Decision Making System

When a practical philosophy student asked the septuagenarian teacher, “Where does happiness go?” he succinctly replied that it is hidden inside and merely needs to be uncovered.

It is easier to be against something and I have been anti-DRS all along. It is a little harder to be pro-something else but I could not think of a satisfactory alternative. I was reminded of the need to uncover when this appeared on my Twitter feed:

What if we replace the Decision Review System with a Decision Making System? Or does that smack of a solution too simple it of course should never even be considered?

Umpires and no one but the umpires should decide without a provision for referrals. Working together, umpire trio should make use of available technology without disregarding the limitations of the same while giving the benefit of doubt to batsman. Does that smack of a solution too simple?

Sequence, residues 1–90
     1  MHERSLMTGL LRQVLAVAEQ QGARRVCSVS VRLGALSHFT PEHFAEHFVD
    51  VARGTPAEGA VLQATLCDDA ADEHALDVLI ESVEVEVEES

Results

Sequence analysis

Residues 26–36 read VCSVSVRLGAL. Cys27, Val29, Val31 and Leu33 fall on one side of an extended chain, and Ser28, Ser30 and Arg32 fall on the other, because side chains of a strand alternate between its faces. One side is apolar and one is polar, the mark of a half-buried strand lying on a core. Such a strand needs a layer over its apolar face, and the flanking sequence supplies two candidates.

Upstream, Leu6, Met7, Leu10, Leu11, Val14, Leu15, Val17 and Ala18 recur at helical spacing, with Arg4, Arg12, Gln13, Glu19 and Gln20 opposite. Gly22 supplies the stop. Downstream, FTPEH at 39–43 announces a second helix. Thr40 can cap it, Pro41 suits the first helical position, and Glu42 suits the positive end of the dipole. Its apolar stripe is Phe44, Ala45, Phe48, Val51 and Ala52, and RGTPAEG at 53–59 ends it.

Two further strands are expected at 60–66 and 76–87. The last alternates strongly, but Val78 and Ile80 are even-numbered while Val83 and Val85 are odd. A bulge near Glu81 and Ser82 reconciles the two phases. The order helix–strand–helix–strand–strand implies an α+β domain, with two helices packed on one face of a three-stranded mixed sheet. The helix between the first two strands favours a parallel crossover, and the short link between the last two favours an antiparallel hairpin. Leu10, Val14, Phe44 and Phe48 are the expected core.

As a kid I used to dislike the aggressively marketed ‘new and improved’ detergent or a pain relief tablet. What was the quality of earlier product which was sold with the same zeal? Of course, I know it now that a product can be put to use immediately if a core solution improves existing alternatives in most situations. Based on its success, further improvements can be made to address the ‘less probable but no doubt possible’ scenarios. These days I have a better understanding and appreciation of the ‘new and improved’ but still dislike the lack of transparency about ‘current and in use’.

It is common knowledge that a video camera does not capture continuous images. It captures a set of discrete pictures which can be played back to recreate the original in most situations. Without knowing the details, every cricket viewer appreciates that a very close stumping/run out call can’t be entirely resolved because both the successive frames fail to capture the precise instance when the timber was disturbed. We have a technology. It offers a solution in most of the situations but there remains a doubt in few cases. With time, the technology will improve, a few more of these tight situations will also get covered, and yet there will remain a doubt in even fewer cases. I think cricket has dealt with this limitation and will continue to do so.